# Variables, loops, lists, and arrays

Simple mathematical calculations can be done in plain Python, but for more advanced scientific computing, as we do here, several add-on packages are needed. Getting all software correctly installed used to be quite challenging, but today there are several easy-to-use approaches to get access to Python.

### Mac and Windows

We recommend to download and install Anaconda, which is a free distribution of Python that comes with most of the packages you need for advanced scientific computing.

### Ubuntu

Debian-based Linux systems, such as Ubuntu, can also use Anaconda, but it is more common to use the apt-get command-line tool or the Ubuntu installer to install a set of Debian packages. Here is a list of the packages you need to install for this introduction:

Terminal> sudo apt-get install python-pip python-setuptools \
python-scipy python-sympy python-cython python-matplotlib \
python-dev python-profiler pydb spyder imagemagick gedit vim \
emacs python-mode git mercurial lib-avtools gnome-terminal


Terminal> pip install nose
Terminal> pip install pytest


### Web access

You can also access Python directly through a web browser without having it installed on your local computer. We refer to the document How to access Python for doing scientific computing for more details on such tools and also installations based on Anaconda and Ubuntu.

## Mathematical example

We shall use a famous mathematical formula in our forthcoming programming examples. The formula tells how long distance $$s$$ an object has moved in a time interval $$[0,t]$$ if it starts out with a velocity $$v_0$$ and undergoes constant acceleration $$a$$: $$$$s = v_0t + \frac{1}{2}at^2\thinspace . \tag{1}$$$$ We ma y view $$s$$ as a function of $$t$$: $$s(t)$$, and also include the parameters in the notation: $$s(t;v_0,a)$$.

## A program for evaluating a formula

Here is a Python program for computing $$s$$, given $$t=0.5$$, $$v_0=2$$, and $$a=0.2$$:

t = 0.5
v0 = 2
a = 0.2
s = v0*t + 0.5*a*t**2
print(s)
print('s=%g' % s)
print('s\t = \t %.3f' % s)


The program is pure text and must be placed in a pure text file using a text editor. Popular text editors are Gedit, Nano, Emacs, and Vim on Linux, TextWrangler on Mac OS X, and Notepad++ on Windows. Save the text to a program file whose name ends in .py, say distance.py.

The program is run in a terminal window (Command Prompt on Windows, Terminal application on Mac OS X, xterm or gnome-terminal on Linux):

Terminal> python distance.py
1.025


The result of the print statement is the number 1.025 in the terminal window.

As an alternative to writing programs in a text editor and executing them in a terminal window, you may use the Spyder graphical interface which gives a more Matlab-style environment to work in. Anaconda installations come with Spyder.

The code snippet above first contains four assignment statements where we assign numbers or the results of arithmetic expressions to variables. The variables have names coinciding with the mathematical notation used in the formula: t, v0, a, and s. You may think of variables in this programs just as variables in mathematics.

More technical details. A statement like t = 0.5 works as follows. First, the right-hand side is interpreted by Python as a real number and a float object containing the value 0.5 is created. Then the name t is defined as a reference to this object.

In the statement s = v0*t + 0.5*a*t**2, Python will first go to the right-hand side and observe that it is an arithmetic expression involving variables with known values (or names referring to existing objects). The arithmetic expression is calculated, resulting in a real number that is saved as a float object with value 1.025 in the computer's memory.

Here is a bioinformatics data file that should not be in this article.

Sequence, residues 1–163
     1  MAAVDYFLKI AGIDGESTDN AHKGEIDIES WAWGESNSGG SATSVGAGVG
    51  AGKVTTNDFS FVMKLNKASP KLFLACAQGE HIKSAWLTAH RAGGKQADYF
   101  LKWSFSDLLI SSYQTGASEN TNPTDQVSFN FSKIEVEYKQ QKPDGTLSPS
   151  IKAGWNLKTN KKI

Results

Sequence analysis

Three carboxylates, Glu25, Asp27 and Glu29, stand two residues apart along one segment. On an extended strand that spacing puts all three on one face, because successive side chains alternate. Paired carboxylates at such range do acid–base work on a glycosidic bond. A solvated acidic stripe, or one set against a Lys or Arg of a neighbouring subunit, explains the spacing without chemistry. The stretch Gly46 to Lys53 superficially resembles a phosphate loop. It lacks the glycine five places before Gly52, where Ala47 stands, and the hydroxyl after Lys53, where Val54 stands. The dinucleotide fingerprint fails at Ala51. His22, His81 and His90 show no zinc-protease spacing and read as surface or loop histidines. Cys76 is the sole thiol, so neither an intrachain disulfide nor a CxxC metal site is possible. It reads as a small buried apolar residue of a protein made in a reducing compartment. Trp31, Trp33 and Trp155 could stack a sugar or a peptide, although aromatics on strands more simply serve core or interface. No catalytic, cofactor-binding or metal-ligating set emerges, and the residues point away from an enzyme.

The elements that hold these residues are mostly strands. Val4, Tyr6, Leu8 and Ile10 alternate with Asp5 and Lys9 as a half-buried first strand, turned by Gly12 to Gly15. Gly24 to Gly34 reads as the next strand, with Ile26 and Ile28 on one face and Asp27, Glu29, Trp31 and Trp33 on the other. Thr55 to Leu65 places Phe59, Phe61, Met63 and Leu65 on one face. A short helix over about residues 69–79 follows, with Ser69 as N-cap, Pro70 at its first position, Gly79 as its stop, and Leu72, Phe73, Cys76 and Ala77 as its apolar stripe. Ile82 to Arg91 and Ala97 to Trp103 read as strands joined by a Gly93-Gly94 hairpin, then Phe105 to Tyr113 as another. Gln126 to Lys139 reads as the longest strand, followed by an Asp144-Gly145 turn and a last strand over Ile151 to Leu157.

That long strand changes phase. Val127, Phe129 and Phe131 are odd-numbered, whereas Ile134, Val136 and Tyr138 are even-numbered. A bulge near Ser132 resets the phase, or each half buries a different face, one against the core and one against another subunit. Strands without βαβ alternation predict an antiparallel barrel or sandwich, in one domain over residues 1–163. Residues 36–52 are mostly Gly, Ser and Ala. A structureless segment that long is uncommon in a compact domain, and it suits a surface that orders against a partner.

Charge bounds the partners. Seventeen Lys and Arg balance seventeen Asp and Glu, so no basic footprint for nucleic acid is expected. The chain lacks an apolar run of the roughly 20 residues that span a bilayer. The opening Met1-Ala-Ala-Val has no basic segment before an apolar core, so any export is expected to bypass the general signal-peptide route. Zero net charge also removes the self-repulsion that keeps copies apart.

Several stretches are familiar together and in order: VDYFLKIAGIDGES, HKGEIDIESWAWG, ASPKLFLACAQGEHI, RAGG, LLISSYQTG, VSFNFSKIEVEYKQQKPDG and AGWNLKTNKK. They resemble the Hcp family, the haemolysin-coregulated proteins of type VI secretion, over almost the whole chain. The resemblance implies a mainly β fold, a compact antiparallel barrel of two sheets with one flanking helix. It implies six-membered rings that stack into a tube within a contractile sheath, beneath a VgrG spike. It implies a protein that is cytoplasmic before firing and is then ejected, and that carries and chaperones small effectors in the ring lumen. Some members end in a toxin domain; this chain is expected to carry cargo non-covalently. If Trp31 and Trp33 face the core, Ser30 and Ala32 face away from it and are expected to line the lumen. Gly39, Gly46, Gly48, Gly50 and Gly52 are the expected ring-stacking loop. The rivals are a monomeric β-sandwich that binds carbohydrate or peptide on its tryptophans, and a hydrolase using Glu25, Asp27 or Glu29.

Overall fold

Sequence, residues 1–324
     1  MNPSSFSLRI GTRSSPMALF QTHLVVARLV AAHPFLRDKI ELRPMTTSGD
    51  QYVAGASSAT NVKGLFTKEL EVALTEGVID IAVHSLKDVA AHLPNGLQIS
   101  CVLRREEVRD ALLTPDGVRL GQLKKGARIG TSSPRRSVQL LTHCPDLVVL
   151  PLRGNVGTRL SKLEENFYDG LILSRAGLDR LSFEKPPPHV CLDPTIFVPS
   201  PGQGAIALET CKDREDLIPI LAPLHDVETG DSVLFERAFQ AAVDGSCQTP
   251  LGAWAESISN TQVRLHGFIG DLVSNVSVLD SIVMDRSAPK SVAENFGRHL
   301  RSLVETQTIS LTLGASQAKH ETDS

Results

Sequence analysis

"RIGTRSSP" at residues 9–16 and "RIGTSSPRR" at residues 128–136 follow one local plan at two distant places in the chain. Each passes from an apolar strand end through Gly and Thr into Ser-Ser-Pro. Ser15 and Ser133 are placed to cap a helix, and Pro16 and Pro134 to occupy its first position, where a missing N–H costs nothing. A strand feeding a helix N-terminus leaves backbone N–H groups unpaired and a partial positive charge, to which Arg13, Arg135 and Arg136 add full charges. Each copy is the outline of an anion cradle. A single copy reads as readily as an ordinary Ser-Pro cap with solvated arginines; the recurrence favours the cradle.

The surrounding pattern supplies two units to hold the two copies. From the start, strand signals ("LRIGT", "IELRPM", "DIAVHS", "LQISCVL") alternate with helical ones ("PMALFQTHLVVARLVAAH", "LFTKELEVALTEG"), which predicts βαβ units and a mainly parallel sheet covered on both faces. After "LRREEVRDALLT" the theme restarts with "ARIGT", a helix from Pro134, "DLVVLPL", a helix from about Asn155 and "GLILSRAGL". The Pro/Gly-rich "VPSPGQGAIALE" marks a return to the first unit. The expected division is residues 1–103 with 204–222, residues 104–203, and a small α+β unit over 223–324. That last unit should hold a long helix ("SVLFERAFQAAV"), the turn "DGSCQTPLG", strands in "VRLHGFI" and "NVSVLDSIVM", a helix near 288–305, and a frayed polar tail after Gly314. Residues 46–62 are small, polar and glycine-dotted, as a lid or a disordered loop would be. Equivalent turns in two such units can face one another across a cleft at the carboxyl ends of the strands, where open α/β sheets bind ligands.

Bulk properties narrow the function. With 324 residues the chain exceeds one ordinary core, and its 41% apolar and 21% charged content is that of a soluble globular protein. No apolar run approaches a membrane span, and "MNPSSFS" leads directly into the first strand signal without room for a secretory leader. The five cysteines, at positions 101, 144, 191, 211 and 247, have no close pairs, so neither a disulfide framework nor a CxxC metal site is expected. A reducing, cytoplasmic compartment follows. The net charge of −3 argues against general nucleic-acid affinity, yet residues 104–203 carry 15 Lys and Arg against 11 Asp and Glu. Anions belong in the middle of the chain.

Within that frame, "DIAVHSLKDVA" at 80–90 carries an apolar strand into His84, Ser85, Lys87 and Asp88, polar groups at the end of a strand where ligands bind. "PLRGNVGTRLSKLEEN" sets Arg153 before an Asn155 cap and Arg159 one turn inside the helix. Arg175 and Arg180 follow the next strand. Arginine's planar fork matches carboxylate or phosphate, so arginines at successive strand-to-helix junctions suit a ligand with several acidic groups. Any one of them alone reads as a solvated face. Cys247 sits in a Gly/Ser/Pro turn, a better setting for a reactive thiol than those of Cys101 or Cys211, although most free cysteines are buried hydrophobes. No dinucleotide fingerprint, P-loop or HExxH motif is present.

Everything in Python is an object of some type. Here, t, a, and s are float objects, representing real (floating-point) numbers, while v0 is an int object, representing the integer 2. There are many other types of objects: strings, lists, tuples, dictionaries, arrays, files, ...

## Formatted output with text and numbers

For any object s in Python, print s will (normally) print the contents of s. However, sometimes we want to combine the content of an object with some text. Say we want to print s=1.025 rather than just the number. This is easily accomplished using printf syntax:

print('s=%g' % s)


The output is specified as a string, enclosed in single or double quotes. Inside the string, there can be "slots" for numbers (or other objects), indicated by a percentage sign followed by a specification of kind of data that will be inserted at this place. In the string above, there is one such slot, %g, where the g implies a real number written as compactly as possible.

It is easy to control the number of decimals using printf syntax. Printing out s=1.03, i.e., s with two decimals, is done by

print('s=%.2f' % s)


where the f signifies a decimal number and the preceding .2 means 2 decimals. Scientific notation, as in s=1.03E+00 ($$1.03\cdot 10^0$$), is specified as %.2E (2 decimals).

The printf syntax is available in numerous programming languages. Python also offers a related variant, called format string syntax:

print('s={s:.2f}'.format(s=s))


## While loops

Suppose we want to make a table with two columns, one with $$t$$ values and one with the corresponding $$s$$ values. Now we have to repeat a lot of calculations with the formula (1). This is easily done with a loop. There are two types of loops in Python: while loops and for loops.

Let the $$t$$ values go from 0 to 2 in increments of 0.1. The following program applies a while loop:

v0 = 2
a = 0.2
dt = 0.1  # Increment
t = 0     # Start value
while t <= 2:
s = v0*t + 0.5*a*t**2
print(t, s)
t = t + dt


The result of running this program in a terminal window is

Terminal> python while.py
0 0.0
0.1 0.201
0.2 0.404
0.3 0.609
0.4 0.816
0.5 1.025
0.6 1.236
0.7 1.449
0.8 1.664
0.9 1.881
1.0 2.1
1.1 2.321
1.2 2.544
1.3 2.769
1.4 2.996
1.5 3.225
1.6 3.456
1.7 3.689
1.8 3.924
1.9 4.161